I was asked to speak at a high school today and presented a historical timeline of management thinking.  The teacher wanted to be sure that I put something in about the future in jobs, which I did.  The picture I painted was probably more optimistic than I actually feel as jobs are outsourced or shipped over seas.

I gave them the usual timeline of Frederick Taylor and scientific management theory that led to the functional separation of work with incentives.  I added in the bit about Schmidt, Taylor’s worker that could increase his wage from $1.15 perday to $1.85 per day by increasing productivity.  This is the model American management still runs at great peril.

I told them about A.P. Sloan ad “management by the numbers” and the use of targets.  Sloan separated management and worker and lived by manager’s manage and worker’s work.  Management caught in the work or not making their numbers were frowned upon or fired.  Hasn’t changed  much here in the US, other than now you can get fired for making your financial targets because someone up the ladder didn’t make theirs.

I told them about Shewhart, Deming and the Japanese Industrial Miracle.  How we didn’t pay attention to what Deming taught us and we continue our decline that started in 1968.

We talked about bad service that we get in companies like Sprint, AT&T, Verizon and McDonalds ( hard to get no onions . . . this is important to a high school senior).  This led to a discussion on why companies give bad service, when it osts them more money and loses them customers.  I explained this is what happens when you manage by the financial cost, costs increase . . . always.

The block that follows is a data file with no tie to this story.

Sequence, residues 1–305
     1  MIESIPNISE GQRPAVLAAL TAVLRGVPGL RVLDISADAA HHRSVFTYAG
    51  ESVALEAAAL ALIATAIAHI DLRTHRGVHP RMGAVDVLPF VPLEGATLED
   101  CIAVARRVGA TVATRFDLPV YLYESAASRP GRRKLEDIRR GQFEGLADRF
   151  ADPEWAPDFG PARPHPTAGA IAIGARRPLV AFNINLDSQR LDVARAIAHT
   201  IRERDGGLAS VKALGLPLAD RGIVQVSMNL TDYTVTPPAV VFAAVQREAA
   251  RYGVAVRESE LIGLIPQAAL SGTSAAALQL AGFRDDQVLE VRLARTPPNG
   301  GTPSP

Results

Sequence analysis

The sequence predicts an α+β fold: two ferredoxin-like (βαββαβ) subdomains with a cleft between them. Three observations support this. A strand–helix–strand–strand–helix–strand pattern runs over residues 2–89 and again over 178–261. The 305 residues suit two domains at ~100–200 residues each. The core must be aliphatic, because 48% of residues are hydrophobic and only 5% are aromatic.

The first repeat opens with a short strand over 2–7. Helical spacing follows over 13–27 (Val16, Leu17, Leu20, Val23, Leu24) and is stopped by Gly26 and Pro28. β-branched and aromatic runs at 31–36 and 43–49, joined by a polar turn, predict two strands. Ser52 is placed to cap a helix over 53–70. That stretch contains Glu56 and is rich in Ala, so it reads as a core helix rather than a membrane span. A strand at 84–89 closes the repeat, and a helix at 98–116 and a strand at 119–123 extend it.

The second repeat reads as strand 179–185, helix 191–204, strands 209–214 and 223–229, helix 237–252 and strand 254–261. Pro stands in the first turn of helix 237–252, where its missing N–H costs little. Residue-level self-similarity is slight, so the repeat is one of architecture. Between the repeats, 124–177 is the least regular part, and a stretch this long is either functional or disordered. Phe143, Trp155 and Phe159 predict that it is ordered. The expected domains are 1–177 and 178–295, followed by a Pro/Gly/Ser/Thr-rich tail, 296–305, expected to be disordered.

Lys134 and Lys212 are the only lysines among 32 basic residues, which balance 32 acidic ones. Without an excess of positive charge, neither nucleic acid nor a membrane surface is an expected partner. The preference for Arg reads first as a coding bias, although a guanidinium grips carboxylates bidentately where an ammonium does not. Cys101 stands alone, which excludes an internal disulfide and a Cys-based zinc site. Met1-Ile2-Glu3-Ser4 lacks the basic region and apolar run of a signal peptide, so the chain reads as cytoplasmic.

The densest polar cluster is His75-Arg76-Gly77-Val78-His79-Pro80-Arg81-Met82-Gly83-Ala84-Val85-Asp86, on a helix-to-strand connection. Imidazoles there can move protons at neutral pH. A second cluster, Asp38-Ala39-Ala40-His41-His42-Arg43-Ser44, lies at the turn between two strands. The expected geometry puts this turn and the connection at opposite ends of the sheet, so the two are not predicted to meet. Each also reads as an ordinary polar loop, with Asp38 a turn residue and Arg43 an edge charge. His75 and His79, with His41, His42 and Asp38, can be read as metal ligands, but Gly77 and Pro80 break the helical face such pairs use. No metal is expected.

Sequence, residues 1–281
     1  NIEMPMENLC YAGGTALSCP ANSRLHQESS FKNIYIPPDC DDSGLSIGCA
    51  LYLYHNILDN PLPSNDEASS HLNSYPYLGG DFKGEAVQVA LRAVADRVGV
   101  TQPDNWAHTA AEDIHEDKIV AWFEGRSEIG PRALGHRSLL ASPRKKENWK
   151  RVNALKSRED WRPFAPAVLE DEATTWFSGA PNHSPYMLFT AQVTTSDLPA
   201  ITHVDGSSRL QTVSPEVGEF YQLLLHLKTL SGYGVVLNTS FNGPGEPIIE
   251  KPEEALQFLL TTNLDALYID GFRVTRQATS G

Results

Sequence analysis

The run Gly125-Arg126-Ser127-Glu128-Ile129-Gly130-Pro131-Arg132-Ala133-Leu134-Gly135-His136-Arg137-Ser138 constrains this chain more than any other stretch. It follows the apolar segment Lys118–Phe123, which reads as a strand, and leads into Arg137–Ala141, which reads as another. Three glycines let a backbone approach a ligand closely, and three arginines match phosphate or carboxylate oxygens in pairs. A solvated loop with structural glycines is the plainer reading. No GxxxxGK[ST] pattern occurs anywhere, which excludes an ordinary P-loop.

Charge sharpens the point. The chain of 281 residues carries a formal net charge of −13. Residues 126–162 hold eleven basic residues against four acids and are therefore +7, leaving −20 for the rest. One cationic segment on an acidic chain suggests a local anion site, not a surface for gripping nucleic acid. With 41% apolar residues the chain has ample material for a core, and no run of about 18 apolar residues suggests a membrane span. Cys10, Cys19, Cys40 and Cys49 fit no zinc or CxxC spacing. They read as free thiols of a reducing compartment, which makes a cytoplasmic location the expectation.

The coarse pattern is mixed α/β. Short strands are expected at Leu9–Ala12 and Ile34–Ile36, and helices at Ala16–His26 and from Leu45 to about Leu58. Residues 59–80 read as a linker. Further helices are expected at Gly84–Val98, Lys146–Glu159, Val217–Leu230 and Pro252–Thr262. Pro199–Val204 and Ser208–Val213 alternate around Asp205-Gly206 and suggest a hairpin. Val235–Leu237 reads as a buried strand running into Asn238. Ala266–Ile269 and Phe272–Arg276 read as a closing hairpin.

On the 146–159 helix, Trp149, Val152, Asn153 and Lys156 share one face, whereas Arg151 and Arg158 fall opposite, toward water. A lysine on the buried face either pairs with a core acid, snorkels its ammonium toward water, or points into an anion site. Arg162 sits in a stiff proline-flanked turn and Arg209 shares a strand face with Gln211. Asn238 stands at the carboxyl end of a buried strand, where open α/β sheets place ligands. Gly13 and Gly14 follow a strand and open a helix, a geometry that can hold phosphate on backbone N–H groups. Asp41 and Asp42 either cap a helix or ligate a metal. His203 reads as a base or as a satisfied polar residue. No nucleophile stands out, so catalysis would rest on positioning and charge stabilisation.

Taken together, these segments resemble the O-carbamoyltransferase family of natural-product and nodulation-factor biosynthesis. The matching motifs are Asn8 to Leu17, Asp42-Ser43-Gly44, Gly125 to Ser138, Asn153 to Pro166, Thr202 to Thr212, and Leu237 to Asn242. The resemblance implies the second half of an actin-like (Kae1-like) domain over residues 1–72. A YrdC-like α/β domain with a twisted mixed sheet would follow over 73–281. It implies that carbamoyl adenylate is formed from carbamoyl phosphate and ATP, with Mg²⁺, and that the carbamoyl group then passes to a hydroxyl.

The hope is that these Seniors will be smarter than our generation and that fads like Lean and Six Sigma will die away in favor of better thinking.  There is great opportunity to change management thinking and redesign the work to serve customers.  The work is more interesting and the culture improves.

One student asked about an “aggressive customer” that might take advantage of the company if you do what the customer says.  Those people exist, but they are the exception.  The problem is that we design our systems as if they are the norm (common causes of variation), when they are not. Rules, procedures and inspection follow at great cost.

The teacher asked what is the one thing that a student should know.  I replied Statistical Process Control (SPC) should be required study for any student in high school.  Just the basics would be a huge differentiator.

I can only hope that an education system wraught with command and control thinking can see the way to better thinking . . . we can only hope.

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Make the new decade a profitable and rewarding one, start a new path here.  Download free from www.newsystemsthinking.com “Understanding Your Organization as a System” and gain knowledge of systems thinking or contact us about how to get started at [email protected].  Reach him on Twitter at www.twitter.com/TriBabbittor LinkedIn at www.linkedin.com/in/trippbabbitt.

Tripp Babbitt is a columnist (Quality Digest and IQPC), speaker, and consultant to private and public service industry.